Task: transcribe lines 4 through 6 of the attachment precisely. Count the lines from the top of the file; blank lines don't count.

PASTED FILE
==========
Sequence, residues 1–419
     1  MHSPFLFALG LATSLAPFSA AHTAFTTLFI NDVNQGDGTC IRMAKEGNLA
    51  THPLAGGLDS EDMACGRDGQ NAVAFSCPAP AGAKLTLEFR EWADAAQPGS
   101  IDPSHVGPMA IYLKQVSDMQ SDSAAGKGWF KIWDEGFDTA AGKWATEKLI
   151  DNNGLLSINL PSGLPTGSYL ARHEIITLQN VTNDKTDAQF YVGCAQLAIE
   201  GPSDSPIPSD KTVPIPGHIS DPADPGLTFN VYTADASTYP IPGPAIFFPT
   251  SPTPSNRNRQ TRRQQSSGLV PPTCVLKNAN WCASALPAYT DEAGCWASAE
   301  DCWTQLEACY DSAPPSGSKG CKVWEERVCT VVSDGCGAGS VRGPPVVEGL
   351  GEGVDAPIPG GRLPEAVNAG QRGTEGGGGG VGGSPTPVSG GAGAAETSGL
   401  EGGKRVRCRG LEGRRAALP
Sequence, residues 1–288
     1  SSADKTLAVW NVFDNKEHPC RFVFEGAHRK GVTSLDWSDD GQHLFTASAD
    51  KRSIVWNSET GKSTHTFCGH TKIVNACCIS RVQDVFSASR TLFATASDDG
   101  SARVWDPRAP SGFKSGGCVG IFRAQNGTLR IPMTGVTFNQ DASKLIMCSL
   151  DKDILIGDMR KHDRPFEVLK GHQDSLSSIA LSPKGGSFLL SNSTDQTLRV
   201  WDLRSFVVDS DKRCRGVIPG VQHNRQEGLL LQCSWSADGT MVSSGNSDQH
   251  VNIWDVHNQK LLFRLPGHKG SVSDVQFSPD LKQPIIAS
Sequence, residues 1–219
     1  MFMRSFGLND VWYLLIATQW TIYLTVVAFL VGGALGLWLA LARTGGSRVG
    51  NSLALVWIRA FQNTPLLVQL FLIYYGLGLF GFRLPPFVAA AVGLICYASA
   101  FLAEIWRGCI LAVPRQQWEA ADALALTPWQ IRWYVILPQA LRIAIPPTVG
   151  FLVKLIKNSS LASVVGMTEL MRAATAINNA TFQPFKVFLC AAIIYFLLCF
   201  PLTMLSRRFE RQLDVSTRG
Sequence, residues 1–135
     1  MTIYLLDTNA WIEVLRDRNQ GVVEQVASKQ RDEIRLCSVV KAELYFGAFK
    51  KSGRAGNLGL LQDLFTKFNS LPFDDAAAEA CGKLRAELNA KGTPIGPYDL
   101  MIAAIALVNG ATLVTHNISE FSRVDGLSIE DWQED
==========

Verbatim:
   101  IDPSHVGPMA IYLKQVSDMQ SDSAAGKGWF KIWDEGFDTA AGKWATEKLI
   151  DNNGLLSINL PSGLPTGSYL ARHEIITLQN VTNDKTDAQF YVGCAQLAIE
   201  GPSDSPIPSD KTVPIPGHIS DPADPGLTFN VYTADASTYP IPGPAIFFPT